I confess. There are times that I let superlatives run away with me just a bit, but promise me this…if you ever go to the French Alps go to Col de l’Iseran.

At 2770 metres, not only is it the highest Col on La Route des Grandes Alpes, it’s also the highest paved mountain pass in the whole of Europe.

It’s also amazingly beautiful.

The news from Thierry was brilliant, sort of.

Yes, the pass had been opened after the snow had damaged a bridge at Pont St Charles, but tomorrow it was going to be closed from 08:00hrs for, you guessed it, a blasted cycling event!

I had a choice. Get up mega early, miss breakfast and beat the 08:00 closure or ride the pass tonight and take the alternative and actually the original RDGA over Col de la Madeleine tomorrow.

By way of a small explanation, when the Route des Grandes Alpes was first created in 1907, the road over Col de l’Iseran didn’t exist; all that crossed the high pass was a rough track used by alpine farmers. The original route crossed over Col de la Madeleine, which is about 46km to the West of l’Iseran as the crow flies. If we went that way, we were still staying true to RDGA and as a bonus crossing yet another high col, cool!

Grabbing fuel in Bourg, I told Thierry and Alain that I would ride l’Iseran that evening.

Thierry grinned and shrugged his shoulders,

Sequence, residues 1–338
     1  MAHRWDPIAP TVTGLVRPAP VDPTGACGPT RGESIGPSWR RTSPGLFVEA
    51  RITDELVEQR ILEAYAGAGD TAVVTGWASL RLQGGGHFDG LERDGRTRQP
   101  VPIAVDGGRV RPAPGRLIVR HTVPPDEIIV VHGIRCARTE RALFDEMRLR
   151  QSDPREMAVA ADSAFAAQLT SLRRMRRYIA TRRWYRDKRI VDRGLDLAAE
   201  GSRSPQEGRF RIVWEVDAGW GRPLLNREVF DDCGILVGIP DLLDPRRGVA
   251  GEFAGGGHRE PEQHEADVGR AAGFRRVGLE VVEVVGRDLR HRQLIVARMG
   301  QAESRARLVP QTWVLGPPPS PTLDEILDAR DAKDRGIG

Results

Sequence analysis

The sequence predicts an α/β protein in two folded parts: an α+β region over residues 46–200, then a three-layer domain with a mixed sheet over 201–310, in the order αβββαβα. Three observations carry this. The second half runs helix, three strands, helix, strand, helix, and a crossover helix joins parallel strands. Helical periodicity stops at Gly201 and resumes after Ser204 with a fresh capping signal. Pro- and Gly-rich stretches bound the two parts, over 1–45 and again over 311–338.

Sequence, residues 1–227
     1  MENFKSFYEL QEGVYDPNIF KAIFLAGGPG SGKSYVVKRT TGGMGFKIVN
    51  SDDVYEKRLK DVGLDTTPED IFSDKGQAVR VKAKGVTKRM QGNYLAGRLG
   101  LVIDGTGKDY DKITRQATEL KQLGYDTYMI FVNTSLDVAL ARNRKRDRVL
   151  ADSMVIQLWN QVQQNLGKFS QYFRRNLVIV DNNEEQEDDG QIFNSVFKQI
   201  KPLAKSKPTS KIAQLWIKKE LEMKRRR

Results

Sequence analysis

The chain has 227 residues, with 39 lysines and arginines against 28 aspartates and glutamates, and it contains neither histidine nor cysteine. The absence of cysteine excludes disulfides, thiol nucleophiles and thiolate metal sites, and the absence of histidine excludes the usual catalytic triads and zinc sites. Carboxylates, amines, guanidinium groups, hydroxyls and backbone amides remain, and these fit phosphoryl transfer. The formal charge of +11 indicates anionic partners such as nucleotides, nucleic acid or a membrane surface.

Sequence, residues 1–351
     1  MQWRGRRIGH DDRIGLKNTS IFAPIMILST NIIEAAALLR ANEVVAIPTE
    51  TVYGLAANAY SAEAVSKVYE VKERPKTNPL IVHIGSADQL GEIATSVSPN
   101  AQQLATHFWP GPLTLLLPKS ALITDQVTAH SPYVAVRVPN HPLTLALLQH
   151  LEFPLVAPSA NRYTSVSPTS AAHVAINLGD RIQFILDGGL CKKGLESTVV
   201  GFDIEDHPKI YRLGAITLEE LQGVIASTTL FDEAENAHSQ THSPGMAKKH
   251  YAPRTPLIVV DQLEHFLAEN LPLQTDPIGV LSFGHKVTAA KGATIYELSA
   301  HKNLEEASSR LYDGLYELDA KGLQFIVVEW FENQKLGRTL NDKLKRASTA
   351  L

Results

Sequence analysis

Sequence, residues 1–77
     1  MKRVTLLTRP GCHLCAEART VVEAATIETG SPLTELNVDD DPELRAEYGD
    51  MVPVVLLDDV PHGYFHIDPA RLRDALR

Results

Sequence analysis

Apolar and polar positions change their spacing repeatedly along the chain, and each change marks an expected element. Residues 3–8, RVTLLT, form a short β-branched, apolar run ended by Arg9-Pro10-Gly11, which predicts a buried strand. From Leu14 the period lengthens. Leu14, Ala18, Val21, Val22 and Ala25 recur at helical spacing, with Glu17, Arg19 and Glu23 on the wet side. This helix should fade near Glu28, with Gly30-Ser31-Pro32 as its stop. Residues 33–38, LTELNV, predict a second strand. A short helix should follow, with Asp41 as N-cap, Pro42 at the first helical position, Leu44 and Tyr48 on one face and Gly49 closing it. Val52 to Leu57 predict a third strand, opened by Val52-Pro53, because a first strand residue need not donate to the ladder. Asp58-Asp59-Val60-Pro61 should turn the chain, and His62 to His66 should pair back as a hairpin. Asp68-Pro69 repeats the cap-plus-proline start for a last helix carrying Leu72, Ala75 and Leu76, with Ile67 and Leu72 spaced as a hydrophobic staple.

“Toujours le Gallois fou!” – “Always the crazy Welshman!”

“Qu’est-ce qui ne va pas se saouler avec nous, eh?” – “What’s wrong with getting drunk with us, eh?’ He roared.

Alain rolled his eyes skyward, he’d been there before!

Another biker overheard us and tentatively asked if it was correct that l’Iseran was open. He introduced himself as Jake from Austria, he also rode a big Harley and that was how I left my two French pals behind and set off for the big Col with another rider of Milwaukee’s finest!

Jake leans into a bend on l’Iseran.


From Bourg St Maurice the D902, that fine road again, sets out on a steady climb south whilst all the time the massive bulk of l’Iseran looms above. The ribbon of tarmac punctures the mountain through various tunnels and skirts the hydroelectric dam of Lac du Chevril. At the famous alpine village of Val d’Isère, birthplace of alpine legend Jean-Claude Killy, things take on a turn for the serious and the climb really asserts itself.